At the end of 2017 we identified the following goals or “Action Items” to pursue for 2018 and 2019:

  • Du50. Based on the success of the Tri60 program, we are engaged with USAT on expanding the number of venues to offer a Du50 program. We hope this will work well for those fitness centers and Ys that may not have access to a pool, but that can host an indoor Du50 (30-minute bike/20 minute run). We have a goal of 8-10 events in 2019 (although the organizational goal is five events).
  • Social Media. We are creating a Facebook page specifically for Duathlon, “All things Duathlon” and hope to launch it in the coming months. We intend this to be a place where athletes can discuss such topics as upcoming races, training tips, nutrition, and engage in constructive conversation on the status of the sport.
  • Duathlon E-Flyer. This will be an online advertisement for Race Directors. We hope it will be something that duathlon race directors can place on their sites and even consider placing in packets if budgets support it.
  • Kid’s Events at Nationals. In the past we have encouraged Race Directors to add more youth and novice races into their events, as well a relay division, to drive interest by creating a more family-friendly atmosphere and hopefully attract more athletes into the sport. We are setting an example by adding a youth fun run to Nationals at Greenville, to be held Friday April 11th.
  • Great Grandmaster Category for Duathlete of the Year. The number of older athletes in this sport is increasing. For 2018 and beyond, we are recognizing this this by adding a category in the DOY award for females 65+ and males 70+.

The Subcommittee Leads for each of these Action Items submit quarterly reporting on the status of progress. In 2019 we will evaluate these and decide what new Action Items to undertake.

Duathlon is the second-largest sport under USAT’s umbrella. How has participation changed over the past few years? I’m encouraged that the nationals in Greenville, SC this year had record participation. But I’ve also heard reports of a gradual, slow decline.
Duathlon saw tremendous growth in the late 80s and early 90s with the Coors Light Series and up to 2004 with the Dannon Duathlon Series. These races attracted thousands of athletes.

Yes, the sport did show decline in numbers after those years, with the rise of other endurance and multisport events. In 2008, USA Triathlon sanctioned 400 duathlons in 48 states. In the years that followed, USAT sanctioned 441 events in 2009 and 475 events in 2010. Since 2011 the number of events sanctioned by USAT held steady between 610 and 660 events, although 2017 did see an anomaly with only 541 events.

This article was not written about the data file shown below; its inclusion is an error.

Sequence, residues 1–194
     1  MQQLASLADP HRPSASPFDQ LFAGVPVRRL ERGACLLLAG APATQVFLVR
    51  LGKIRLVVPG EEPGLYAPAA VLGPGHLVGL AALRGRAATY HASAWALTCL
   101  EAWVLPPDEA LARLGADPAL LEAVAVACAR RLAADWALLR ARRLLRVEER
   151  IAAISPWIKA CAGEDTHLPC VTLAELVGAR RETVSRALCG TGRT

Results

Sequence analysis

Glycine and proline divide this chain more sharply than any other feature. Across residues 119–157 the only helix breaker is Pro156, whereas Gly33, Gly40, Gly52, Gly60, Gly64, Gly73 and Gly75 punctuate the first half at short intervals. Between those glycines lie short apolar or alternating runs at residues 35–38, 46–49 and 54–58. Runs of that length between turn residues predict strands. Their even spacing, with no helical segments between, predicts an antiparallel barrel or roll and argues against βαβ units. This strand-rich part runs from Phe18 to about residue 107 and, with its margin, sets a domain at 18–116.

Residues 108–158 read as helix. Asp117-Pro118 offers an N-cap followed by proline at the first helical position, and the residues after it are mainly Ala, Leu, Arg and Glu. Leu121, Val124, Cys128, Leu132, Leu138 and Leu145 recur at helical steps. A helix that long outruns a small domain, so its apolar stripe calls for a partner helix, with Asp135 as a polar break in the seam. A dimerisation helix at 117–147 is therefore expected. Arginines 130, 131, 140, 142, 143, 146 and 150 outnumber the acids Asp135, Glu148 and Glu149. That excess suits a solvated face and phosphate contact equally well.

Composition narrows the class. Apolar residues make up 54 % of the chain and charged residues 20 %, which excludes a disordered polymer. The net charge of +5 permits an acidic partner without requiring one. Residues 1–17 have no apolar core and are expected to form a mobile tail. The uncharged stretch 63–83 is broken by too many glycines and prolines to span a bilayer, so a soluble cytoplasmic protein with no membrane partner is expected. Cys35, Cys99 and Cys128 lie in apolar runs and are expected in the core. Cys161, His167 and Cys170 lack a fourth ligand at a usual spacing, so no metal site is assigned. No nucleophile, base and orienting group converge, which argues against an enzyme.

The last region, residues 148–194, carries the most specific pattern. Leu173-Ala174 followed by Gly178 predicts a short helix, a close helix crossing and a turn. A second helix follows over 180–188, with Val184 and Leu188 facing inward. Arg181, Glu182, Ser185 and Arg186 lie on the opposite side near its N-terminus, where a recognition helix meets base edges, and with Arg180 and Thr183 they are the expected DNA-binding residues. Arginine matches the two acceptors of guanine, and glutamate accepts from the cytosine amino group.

Since 2012, the number of athletes competing in duathlon has fluctuated between 21,000 and 36,000 per year. Nearly a decade ago, the 2009 and 2010 Nationals in Richmond had 1700 and 1805 athletes while last year’s Nationals had great attendance with 990 athletes. Finally, the Team USA at World Championships is typically one of the largest of all countries. We are encouraged by this participation and hope, with well-planned and ideally-located races, we can attract those kind of numbers in the future.

What are the Duathlon Committee’s short and long term goals?
The overall long-term goal remains to grow the sport. To meet this, the Master Plan identifies the following:

  • Support more duathlon events nationwide by encouraging Race Directors to piggyback with existing events.
  • Increase the number of athletes that participate in duathlon through strategic positioning of the sport at running and cycling events (expos, registration booth, packet pickup, etc.).
  • Create new education platforms to train existing race directors and triathletes on the sport of duathlon.
  • Promote the sport of duathlon to single sport specialists (Triathletes, Cyclists, Runners).
  • Create alliances and fruitful collaborations with community organizations (i.e. local sporting organizations, health centers, recreation facilities, YMCA, therapy groups, hospitals).
  • Look at different race formats to keep the sport fresh (i.e. Formula-1).
  • Create high-end deliverables for USAT development staff to secure corporate partnerships/sponsorships.
  • Look at Collegiate Duathlon options as extensions for growing the sport.
  • Create duathlon high school clubs similar to existing High School triathlon programs (of which 130 exist).
  • Encourage Team in Training (Leukemia and Lymphoma Society) models that exist for running/cycling and related disciplines as arms of recruitment.

There’s a “chicken and the egg” issue in duathlon. People interested in getting into duathlon have a hard time doing so because there are very few races compared to triathlon. Race directors don’t put on duathlons—and don’t often include them as a choice in triathlon events—because of low participation. How do we stop spinning in circles here?
While triathlons are still the dominant multisport race, we are seeing more Race Directors hold “Festival Events” where a variety of multiport options are offered, such as Aquathons, Aquabikes, Novice, as well as sprint, standard and long distance triathlons and duathlons.